Most countries’ prison systems are failures—the rate of recidivism is abysmal. In the US, 76.6 percent of prisoners end up back in prison within five years of their release. Does this mean criminal behavior is genetic and some folks are born criminals? No. Does it mean most criminals are incredibly sloppy and will inevitably get caught? No. Can this be fixed? Yes, it can. The fact that it can be fixed disproves the above.
When I saw what the DSA students did with my song, it completely changed the way I thought of the song. In fact, it changed the meaning of the song—I realized it was about inclusion, welcoming and not being alone. It's a more generous interpretation of the song than what I do with my voice. Just goes to show how a song can change (radically!) depending on who is singing it.
These are some of my favorite reasons to be cheerful. Around the world, the right and left are increasingly ensconcing themselves in their partisan bubbles, behaving and voting along tribal lines rather than according to what might actually make the most sense for them. These examples (and I’d love to have some from the liberal/Democrat side too) show that this needn’t be the case.
By chance, I found a guide, and together we encountered a city filled with resilient architecture such as a Cor-Ten steel bridge, dozens of houses on stilts, and 133 miles of reengineered walls that promise to be indestructible. How apropos—in a city synonymous with its music—that Donnell and I began on the beat of Jay-Z and drumrolled our way to Chief Zulu. Two African American men building platforms, albeit of different scales, that demonstrate a kind of cultural resiliency. Hip-hop, just fifty years ago, was a rebellious, counter-narrative musical form. It’s now an industry juggernaut, employing thousands and creating a system in which African American rappers can obtain and maintain economic success and independence.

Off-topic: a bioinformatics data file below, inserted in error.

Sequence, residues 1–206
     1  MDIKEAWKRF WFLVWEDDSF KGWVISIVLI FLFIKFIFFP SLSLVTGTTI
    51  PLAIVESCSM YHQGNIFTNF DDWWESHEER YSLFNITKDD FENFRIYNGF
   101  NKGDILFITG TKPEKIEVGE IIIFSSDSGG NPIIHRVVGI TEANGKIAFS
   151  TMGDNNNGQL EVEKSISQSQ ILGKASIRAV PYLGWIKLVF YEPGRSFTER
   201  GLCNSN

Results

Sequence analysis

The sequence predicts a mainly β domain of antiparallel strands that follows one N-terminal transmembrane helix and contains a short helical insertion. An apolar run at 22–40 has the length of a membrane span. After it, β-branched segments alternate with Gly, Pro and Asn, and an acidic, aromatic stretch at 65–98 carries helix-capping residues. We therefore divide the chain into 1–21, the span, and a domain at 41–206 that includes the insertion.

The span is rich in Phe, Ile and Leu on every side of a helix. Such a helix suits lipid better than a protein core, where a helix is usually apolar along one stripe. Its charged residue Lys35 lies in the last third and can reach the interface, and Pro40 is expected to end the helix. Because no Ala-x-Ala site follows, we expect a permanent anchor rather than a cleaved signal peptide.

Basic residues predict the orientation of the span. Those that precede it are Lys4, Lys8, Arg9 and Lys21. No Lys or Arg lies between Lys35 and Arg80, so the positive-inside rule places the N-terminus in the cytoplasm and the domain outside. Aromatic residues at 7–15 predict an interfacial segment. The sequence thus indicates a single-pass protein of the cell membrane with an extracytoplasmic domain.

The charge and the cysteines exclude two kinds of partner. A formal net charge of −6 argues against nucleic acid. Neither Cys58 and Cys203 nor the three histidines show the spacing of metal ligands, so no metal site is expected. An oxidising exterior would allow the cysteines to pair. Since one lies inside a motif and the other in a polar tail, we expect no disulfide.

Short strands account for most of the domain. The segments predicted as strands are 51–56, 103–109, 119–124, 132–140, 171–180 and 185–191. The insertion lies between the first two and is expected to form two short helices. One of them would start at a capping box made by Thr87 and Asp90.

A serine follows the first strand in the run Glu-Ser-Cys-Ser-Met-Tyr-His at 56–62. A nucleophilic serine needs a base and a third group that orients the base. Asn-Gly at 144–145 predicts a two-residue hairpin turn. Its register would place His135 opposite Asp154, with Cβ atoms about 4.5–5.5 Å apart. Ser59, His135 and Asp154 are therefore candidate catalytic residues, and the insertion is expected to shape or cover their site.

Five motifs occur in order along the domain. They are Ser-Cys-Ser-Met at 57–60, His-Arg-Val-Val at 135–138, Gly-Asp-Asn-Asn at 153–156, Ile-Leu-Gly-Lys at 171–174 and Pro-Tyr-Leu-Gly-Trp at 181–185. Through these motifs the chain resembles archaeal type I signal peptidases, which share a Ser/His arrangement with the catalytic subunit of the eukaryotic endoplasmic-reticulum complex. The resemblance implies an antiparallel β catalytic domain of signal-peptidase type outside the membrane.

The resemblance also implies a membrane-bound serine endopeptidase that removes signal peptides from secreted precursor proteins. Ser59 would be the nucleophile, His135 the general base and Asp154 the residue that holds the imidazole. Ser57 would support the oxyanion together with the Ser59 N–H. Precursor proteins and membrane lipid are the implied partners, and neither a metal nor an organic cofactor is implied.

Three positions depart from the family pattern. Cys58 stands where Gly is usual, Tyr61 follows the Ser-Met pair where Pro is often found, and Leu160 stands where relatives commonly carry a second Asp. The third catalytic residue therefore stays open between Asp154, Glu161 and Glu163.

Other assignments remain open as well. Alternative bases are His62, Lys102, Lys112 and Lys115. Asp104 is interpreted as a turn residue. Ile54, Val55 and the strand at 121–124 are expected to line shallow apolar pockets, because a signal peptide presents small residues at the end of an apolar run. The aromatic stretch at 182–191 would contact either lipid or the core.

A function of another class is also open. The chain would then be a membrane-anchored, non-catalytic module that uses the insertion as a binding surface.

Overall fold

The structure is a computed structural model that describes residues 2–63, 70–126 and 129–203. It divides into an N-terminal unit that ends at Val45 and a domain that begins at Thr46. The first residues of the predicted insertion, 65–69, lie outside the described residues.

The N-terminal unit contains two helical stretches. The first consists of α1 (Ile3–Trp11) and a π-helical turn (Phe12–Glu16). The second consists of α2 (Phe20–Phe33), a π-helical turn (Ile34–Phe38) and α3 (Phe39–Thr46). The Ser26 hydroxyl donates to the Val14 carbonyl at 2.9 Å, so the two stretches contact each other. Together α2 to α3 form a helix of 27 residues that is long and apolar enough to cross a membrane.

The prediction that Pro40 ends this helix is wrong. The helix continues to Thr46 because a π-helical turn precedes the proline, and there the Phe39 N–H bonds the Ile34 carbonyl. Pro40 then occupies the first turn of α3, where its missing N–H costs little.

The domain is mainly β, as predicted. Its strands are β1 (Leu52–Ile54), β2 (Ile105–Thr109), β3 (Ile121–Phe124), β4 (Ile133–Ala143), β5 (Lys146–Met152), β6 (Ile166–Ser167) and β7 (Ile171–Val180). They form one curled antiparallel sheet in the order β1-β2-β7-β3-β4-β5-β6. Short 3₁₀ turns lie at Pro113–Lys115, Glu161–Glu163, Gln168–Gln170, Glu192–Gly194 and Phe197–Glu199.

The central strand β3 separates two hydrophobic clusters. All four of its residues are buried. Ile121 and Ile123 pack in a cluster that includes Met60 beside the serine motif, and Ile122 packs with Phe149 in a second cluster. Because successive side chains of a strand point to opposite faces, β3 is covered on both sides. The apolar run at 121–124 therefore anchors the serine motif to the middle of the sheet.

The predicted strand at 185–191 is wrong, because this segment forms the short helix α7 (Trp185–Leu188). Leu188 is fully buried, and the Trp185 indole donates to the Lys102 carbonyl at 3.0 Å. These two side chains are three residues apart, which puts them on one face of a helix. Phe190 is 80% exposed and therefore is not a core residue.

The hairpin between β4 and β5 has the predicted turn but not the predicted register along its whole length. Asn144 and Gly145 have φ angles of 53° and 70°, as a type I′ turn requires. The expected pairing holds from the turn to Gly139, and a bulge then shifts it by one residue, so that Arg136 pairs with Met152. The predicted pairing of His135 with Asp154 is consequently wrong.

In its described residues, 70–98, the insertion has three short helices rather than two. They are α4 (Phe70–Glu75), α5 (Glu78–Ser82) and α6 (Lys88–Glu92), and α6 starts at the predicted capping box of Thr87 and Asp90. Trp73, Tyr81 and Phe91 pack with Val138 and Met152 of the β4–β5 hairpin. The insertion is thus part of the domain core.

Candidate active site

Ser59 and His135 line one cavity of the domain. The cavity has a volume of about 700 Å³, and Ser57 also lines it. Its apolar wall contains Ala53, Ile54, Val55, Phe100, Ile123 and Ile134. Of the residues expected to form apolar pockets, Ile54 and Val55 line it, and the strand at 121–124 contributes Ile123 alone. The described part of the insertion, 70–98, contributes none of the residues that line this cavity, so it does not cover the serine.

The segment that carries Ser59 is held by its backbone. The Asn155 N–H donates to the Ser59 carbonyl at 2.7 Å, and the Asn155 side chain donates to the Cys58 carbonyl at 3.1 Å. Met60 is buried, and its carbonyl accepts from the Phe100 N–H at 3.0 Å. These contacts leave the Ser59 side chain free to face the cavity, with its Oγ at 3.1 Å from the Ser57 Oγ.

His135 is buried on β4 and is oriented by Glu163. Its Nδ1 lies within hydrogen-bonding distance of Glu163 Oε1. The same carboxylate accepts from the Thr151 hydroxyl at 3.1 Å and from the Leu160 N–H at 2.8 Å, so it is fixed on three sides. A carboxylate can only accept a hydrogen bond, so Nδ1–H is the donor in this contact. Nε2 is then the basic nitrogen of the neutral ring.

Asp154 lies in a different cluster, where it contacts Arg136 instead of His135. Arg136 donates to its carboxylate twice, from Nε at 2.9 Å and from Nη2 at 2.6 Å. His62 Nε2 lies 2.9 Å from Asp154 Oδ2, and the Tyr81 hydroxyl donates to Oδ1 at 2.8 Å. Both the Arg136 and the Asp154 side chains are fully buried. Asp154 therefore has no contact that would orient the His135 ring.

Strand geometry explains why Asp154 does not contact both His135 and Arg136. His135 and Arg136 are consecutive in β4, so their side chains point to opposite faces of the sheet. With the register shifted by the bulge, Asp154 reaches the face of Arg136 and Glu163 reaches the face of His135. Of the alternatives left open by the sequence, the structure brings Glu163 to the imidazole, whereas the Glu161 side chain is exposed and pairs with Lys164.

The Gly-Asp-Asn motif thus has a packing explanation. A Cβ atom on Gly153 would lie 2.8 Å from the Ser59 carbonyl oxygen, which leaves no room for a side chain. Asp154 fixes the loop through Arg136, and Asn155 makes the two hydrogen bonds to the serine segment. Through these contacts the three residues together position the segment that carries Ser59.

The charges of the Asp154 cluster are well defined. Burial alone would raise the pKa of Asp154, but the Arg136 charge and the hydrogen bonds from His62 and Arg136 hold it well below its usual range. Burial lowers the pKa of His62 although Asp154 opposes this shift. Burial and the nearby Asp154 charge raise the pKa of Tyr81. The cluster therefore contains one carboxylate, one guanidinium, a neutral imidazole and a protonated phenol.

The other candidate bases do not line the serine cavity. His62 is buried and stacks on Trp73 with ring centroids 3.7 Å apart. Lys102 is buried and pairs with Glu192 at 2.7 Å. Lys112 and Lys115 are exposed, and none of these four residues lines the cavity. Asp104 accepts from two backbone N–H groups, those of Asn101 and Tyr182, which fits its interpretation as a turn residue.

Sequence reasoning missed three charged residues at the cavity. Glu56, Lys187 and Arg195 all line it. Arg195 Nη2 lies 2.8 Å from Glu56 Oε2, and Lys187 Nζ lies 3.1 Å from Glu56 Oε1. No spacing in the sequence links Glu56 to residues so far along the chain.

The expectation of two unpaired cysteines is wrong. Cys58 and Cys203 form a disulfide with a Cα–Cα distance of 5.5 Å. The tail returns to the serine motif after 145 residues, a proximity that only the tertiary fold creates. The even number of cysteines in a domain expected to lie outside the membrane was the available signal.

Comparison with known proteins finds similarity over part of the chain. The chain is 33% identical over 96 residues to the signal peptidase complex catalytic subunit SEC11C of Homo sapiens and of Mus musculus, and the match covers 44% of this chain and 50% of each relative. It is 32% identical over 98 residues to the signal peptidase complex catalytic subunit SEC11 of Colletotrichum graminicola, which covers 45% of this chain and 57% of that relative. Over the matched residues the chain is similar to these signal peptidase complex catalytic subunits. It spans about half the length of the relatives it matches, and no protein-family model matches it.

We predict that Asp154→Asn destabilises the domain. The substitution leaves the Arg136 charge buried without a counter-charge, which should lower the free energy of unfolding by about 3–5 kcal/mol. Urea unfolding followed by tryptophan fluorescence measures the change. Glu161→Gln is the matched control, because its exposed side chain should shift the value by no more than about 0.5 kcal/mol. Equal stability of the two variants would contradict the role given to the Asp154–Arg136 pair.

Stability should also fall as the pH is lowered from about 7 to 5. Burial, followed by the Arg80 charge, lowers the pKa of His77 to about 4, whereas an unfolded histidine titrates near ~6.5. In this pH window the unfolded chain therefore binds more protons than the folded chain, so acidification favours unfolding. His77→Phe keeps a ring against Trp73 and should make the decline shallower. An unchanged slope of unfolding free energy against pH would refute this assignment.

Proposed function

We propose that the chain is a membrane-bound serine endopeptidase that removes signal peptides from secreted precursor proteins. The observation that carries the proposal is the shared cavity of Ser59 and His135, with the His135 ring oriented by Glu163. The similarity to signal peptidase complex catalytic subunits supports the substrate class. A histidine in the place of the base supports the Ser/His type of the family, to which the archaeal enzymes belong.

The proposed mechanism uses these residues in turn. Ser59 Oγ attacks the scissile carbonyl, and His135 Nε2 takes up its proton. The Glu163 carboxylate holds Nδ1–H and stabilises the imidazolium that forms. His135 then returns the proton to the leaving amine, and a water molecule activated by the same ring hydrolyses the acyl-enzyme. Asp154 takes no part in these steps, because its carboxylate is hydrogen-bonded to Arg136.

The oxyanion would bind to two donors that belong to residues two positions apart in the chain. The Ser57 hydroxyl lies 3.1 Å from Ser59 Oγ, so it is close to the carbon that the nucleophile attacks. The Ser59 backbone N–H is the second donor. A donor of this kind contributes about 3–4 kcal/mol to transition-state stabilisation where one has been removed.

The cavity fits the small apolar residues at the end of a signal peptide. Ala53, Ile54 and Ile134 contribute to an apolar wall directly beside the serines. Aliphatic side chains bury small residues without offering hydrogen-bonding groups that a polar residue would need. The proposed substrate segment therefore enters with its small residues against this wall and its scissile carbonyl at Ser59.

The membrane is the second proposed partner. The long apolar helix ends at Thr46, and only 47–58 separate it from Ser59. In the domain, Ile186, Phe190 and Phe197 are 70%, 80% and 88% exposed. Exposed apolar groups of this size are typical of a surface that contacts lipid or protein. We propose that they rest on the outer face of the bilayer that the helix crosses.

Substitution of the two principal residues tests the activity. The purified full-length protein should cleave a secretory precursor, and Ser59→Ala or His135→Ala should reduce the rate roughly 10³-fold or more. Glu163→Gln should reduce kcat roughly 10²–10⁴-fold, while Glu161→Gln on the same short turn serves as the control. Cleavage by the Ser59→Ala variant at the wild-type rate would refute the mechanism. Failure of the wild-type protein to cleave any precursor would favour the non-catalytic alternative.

(Meaning: to divide a region into smaller, mutually antagonistic states.)
That wasn’t the case at the Zlatne Uste Golden Festival, held at Grand Prospect Hall in Brooklyn the weekend of January 12th & 13th. It’s a two day festival of music and more from the Balkan countries, and it is generously inclusive. Hungary (technically not quite Balkan), Serbia, Croatia, Bosnia, Bulgaria, Macedonia, Albania and Montenegro.
In 2016, I was what I guess one would call a creative impresario on some shows here in NY and in Toronto called Contemporary Color. The shows matched 10 color guard teams with 10 contemporary musical artists to perform music written specifically for these events. The shows were at the Air Canada Centre in Toronto and the Barclays Center here in NY.
Color guard (and more properly, winter guard) is a phenomena, an athletic and artistic expression, that takes place mainly in North America but increasingly around the world. Though it began as formations and performances to accompany football games, it has evolved into something wilder, stranger, more creative and beautiful and very much apart from the sports context. Though they still retain the flags, sabers and rifles.
I was in L.A. for some meetings and went with my friends Iris Alonzo, who has a community and ecologically oriented clothing line called Everybody.World and Margot Jacobs, who is an innovative landscape architect, to an event in Chinatown. First we had some pho down the street, and the restaurant was almost half full with cops. A friend asked if their green guns were tasers—“Yes, they’re green so we don’t get them confused.” I asked about the fires; if they were now under control. This was Thursday night (December 7th)—“They’re maybe 20% under control.” Wow, that still leaves some room for a flare-up.